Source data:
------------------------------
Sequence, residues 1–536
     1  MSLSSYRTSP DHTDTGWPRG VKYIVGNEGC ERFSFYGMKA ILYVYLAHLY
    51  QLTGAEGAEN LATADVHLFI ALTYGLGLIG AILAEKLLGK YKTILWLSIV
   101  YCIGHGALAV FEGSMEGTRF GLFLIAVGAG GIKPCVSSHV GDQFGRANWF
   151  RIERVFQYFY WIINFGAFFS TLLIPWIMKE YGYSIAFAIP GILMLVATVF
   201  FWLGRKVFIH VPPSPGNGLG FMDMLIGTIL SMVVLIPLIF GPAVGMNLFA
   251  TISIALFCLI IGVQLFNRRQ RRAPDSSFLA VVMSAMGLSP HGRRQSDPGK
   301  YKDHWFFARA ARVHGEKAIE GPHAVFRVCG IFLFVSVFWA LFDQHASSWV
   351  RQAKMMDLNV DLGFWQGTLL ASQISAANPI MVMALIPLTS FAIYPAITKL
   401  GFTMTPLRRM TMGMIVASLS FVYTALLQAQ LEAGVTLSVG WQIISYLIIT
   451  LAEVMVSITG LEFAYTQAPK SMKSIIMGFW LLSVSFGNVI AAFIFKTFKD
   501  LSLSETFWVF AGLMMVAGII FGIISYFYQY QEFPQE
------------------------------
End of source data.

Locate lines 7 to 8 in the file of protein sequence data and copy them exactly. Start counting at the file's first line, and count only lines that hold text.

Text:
   251  TISIALFCLI IGVQLFNRRQ RRAPDSSFLA VVMSAMGLSP HGRRQSDPGK
   301  YKDHWFFARA ARVHGEKAIE GPHAVFRVCG IFLFVSVFWA LFDQHASSWV